- to pack or store away; esp., to pack in an orderly, compact way
- to fill by packing in an orderly way
- to hold or receive: said of a room, container, etc.
- Obsolete to provide lodging for
- Slang to stop; cease: stow the chatter!
Origin of stowMiddle English stowen ; from stowe, a place ; from Old English ; from Indo-European base an unverified form stā-, to stand
- to put or hide away, as in a safe place
- to be a stowaway
- to consume (food or drink), esp. in large amounts
transitive verbstowed, stow·ing, stows
- a. To place or arrange, especially in a neat, compact way: stowed his gear in the footlocker.b. To fill (a place or container) by packing tightly.
- To store for future use: stowed carrots and potatoes in the root cellar.
- Slang To refrain from; stop.
- To provide lodging for; quarter.
Origin of stowMiddle English stowen, from stowe, place, from Old English stōw; see stā- in Indo-European roots.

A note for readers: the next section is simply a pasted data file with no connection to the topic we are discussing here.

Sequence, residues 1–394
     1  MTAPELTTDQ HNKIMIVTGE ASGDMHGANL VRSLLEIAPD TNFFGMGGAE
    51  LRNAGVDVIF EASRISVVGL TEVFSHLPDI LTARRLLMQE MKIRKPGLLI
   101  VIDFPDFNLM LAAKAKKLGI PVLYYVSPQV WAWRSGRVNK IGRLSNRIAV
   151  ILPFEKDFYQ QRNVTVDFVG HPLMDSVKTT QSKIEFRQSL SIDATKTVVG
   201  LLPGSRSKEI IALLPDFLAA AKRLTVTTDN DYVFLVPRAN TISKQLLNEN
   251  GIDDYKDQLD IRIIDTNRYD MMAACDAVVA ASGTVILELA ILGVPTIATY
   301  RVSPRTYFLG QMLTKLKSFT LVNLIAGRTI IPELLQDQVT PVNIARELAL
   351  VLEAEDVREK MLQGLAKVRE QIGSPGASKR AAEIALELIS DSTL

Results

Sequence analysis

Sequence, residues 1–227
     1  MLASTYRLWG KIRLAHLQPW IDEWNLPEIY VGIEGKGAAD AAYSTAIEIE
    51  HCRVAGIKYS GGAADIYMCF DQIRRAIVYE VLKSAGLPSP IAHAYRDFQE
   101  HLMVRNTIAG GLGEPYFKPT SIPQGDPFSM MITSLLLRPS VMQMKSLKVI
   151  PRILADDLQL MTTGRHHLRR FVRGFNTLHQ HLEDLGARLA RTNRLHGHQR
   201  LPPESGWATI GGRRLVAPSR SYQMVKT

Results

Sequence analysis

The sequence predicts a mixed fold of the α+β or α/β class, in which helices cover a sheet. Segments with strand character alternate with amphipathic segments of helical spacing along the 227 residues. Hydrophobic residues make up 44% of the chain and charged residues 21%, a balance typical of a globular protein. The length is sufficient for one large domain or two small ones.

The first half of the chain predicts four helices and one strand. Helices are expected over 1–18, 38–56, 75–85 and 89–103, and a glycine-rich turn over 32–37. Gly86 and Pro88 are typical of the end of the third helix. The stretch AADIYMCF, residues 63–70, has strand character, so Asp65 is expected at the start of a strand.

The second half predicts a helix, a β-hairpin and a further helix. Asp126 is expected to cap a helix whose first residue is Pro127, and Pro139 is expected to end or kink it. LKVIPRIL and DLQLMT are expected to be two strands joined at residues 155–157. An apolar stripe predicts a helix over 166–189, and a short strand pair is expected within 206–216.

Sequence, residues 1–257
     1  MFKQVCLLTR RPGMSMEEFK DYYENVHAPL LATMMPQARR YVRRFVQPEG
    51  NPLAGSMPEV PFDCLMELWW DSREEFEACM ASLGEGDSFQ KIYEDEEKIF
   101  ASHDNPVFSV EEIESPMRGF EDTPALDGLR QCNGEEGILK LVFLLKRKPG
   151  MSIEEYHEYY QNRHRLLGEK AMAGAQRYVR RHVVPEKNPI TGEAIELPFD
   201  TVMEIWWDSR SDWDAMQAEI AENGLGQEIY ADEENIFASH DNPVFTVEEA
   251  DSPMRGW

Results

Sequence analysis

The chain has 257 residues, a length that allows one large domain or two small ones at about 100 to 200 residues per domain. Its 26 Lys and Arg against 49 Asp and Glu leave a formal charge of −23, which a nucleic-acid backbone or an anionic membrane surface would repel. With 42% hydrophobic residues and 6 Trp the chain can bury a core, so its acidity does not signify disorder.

- (rare) A place.
From Middle English stowe, from Old English stÅw (“a place, spot, locality, site"), from Proto-Germanic *stÅwÅ (“a place, stowage"), from Proto-Indo-European *stehâ‚‚- (“to stand, place, put"). Cognate with Old Frisian stÅ (“place"), Icelandic stÃ³ (“fireplace"). See also -stow.
(third-person singular simple present stows, present participle stowing, simple past and past participle stowed)
From Middle English stowen, stawen, stewen, from Old English stÅwian (“to hold back, restrain"), from Proto-Germanic *stÅwÅnÄ…, *stÅwijanÄ… (“to stow, dam up"), from Proto-Indo-European *stehâ‚‚- (“to stand, place"). Cognate with Dutch stuwen, stouwen (“to stow"), Low German stauen (“to blin, halt, hinder"), German stauen (“to halt, hem in, stow, pack"), Danish stuve (“to stow"), Swedish stuva (“to stow").